500 m inside forest, 3 means > 1.000 m inside forest; FOREST_ASOCIATION: dominant forest association in a 1x1 km cell - discrete code
value according to the Slovenian Forest Service nomenclature; DENSITY_OF_HUMAN_POPULATION: [residents/km2] determined at a
geographical subregion level (average area 400 km2); PROXIMITY_TO_NEAREST_LARGE_SETTLEMENT: [m] distance of the 500x500
m cell center to the nearest settlement exceeding 5 hectares; DOMINANT_TREE_SPECIES: dominant tree species, estimated in a 1x1 km
cell - discrete code value according to the Slovenian Forest Service nomenclature.
Table 4: The decision tree for the habitat suitability classification of the study area.

The 3 sites were validated by comparing them to the known crossing spots and to the recorded sites of bear - vehicle collisions.
The site number 1 is situated in an area with the densest crossing spots and in close proximity to a seldom trafficked underpass. The
identified potential corridor in the vicinity corresponds to the locally observed routes of dispersion. Additional electric fencing would have to
be installed to avert bears from uncontrolled crossings in the vicinity. The site number 2 is located in an area of crossings recorded since
1992, 500 m from an existing forest road underpass, which is almost unused by traffic. However there are also other places on the respective
highway section, which are known to be used by bears, including a forest road bridge and beneath the 593 m viaduct, located on the outskirts
of the town of Postojna. This highway section is especially critical, because (1) it runs almost entirely along a railway, (2) it lies on the main
bear dispersal route and (3) it cuts through an already bottlenecked habitat with the extensive core habitat in the background. Instalation of
additional electric fencing is planned on this section to channel bears into existing underpasses and bridges. The site number 3 is located
exactly beneath the existing 265 m long viaduct of Bandera. Recent field observations and absence of human disturbance on both sides of the
viaduct, indicate that this location is suitable for bear crossing.

Discussion
Automated induction of the decision tree by machine learning method turned out to be a cost- and time-efficient way to form a
knowledge base of the expert system for classifying the bear habitat suitability. We were thus able to maximize the information obtainable
from the recorded bear sightings, which had been originally gathered for another purpose (population monitoring). The rules, structured into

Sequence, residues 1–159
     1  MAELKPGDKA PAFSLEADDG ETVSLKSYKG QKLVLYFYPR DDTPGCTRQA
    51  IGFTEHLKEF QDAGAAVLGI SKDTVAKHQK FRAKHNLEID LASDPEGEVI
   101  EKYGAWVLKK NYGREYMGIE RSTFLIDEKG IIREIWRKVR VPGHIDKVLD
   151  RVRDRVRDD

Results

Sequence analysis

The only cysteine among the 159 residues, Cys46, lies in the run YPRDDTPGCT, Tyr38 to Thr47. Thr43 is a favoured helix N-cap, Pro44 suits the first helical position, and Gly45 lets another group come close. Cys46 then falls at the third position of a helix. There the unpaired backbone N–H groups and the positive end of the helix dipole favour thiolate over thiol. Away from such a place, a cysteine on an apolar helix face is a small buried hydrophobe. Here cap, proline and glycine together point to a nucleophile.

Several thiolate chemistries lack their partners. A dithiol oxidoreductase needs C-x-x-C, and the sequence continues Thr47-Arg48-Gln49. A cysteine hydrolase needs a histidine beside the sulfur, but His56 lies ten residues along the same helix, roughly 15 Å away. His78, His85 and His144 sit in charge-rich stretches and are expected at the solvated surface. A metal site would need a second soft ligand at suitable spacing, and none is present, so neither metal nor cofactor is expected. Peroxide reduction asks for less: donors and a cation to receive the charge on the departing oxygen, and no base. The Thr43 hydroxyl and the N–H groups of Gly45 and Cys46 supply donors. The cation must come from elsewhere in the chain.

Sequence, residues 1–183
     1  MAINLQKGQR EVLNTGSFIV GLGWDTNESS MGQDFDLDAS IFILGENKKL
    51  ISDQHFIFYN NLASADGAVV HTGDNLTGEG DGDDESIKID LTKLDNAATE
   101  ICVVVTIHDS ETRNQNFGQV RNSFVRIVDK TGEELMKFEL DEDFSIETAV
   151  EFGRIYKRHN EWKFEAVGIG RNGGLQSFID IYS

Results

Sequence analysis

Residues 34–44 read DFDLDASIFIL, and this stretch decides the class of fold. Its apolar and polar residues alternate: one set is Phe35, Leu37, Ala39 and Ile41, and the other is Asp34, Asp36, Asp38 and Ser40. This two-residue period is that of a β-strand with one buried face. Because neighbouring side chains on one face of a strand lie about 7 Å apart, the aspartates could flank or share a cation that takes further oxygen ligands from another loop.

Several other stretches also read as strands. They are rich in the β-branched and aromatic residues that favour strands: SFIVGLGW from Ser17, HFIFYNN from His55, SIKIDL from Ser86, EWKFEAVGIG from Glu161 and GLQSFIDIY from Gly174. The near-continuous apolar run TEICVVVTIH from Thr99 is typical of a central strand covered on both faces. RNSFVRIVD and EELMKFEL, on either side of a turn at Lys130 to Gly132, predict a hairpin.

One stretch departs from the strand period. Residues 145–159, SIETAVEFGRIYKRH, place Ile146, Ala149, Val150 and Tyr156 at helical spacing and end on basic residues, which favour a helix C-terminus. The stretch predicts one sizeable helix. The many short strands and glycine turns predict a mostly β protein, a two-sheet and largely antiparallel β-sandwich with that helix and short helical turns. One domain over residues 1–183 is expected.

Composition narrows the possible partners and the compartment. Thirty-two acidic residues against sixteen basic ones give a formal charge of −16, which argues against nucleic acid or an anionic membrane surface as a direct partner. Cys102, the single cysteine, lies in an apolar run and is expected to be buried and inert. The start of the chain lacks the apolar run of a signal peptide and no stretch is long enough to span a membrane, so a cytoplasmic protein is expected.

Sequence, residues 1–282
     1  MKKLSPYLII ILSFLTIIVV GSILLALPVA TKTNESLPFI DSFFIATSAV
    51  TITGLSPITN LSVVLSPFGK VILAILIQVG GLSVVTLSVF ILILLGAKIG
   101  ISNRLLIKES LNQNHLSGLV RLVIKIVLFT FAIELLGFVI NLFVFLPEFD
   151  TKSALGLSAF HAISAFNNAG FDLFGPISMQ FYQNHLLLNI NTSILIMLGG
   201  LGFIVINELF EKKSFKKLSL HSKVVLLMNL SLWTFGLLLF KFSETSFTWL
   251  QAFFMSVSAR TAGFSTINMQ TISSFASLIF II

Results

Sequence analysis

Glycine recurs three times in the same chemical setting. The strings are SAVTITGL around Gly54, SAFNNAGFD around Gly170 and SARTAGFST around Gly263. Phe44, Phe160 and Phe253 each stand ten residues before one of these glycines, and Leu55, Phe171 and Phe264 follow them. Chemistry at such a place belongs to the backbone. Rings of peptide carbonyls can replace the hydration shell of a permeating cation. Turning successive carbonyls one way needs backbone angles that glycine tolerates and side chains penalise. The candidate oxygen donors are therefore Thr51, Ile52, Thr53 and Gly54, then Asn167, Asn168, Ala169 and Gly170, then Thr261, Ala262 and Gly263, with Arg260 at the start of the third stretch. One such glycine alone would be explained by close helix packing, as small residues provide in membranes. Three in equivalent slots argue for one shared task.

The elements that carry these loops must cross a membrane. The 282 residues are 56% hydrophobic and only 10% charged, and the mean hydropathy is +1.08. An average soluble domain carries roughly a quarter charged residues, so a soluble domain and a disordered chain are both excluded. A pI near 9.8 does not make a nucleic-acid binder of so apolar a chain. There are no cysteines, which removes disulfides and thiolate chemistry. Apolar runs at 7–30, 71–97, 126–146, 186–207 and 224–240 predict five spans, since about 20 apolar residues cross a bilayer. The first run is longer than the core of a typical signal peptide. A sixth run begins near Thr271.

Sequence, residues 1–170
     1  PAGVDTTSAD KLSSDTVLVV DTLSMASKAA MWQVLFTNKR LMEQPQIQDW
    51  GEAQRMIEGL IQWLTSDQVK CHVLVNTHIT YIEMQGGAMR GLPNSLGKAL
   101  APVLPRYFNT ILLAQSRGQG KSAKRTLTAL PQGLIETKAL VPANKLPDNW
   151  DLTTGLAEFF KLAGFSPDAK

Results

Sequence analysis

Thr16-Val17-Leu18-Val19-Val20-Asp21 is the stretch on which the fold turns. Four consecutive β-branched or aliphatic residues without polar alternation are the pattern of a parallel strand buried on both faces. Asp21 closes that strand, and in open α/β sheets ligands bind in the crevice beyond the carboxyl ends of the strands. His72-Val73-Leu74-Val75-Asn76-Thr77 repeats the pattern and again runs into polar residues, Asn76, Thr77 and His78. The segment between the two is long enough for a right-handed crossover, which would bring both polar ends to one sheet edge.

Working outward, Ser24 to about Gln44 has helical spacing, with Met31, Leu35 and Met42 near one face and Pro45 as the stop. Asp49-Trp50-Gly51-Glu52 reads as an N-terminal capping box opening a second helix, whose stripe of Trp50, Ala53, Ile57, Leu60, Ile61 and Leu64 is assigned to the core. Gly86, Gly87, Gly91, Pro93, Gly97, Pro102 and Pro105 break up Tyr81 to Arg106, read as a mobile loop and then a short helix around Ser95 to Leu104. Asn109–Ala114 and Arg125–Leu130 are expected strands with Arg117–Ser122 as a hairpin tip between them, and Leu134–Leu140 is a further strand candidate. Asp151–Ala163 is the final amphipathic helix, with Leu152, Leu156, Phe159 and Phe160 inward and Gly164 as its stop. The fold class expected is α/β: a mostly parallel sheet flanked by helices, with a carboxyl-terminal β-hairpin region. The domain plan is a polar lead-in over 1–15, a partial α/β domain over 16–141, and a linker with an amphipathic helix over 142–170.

the induced decision tree, predict the suitability of habitat in the study area. However it must be born in mind that the decision tree does not
necessarily reflect the actual behaviour of the bears - it only reflects the information inherent in the actual training dataset. Nevertheless the
obtained tree mostly agrees with the domain knowledge. The spatial representation of the model in a GIS environment showed some
inconsistencies, that could not be recognized from our decision tree alone. Mainly they were in the form of small habitat fragments, that
could be afterwards filtered out with a GIS-based spatial filter, so that the final habitat model included only suitable areas within the
relatively undisturbed Dinaric mountains and Julian Alps. A combined interpretation of habitat suitability modeling results, taking into
account both qualitative aspects as presented by the induced knowledge base, and spatial aspects as visualized by GIS, therefore turned out as
advantageous. Inducing very large decision trees was avoided, because tests on our data showed that very complex trees did not significantly
improve habitat classification accuracy - they mostly traced noise in the training dataset. The decision tree also unnecessarily inflated when
all available attributes were included or when a lot of them had discrete values.
Considering the spatial resolution of the model, independent field observations generally confirmed the validity of the identified
sites for the wildlife bridges / underpasses. The model offered a coarse approximation, based on ecological aspects only. Before any final
decision, also the technical or financial feasibility of building such objects should be considered. But since all potential crossing sites are
within reach of existing (non wildlife-friendly) crossing objects, a possibility of adapting these objects is worth considering. Of course only
providing suitable crossings will not be enough - measures will be needed to channel the movement of bears across highway and to stop them
from climbing the fence. But regardless of the type of the crossing object, an adequate land use management, aimed at conserving /
enhancing the quality of habitat in the surrounding area, will be crucial.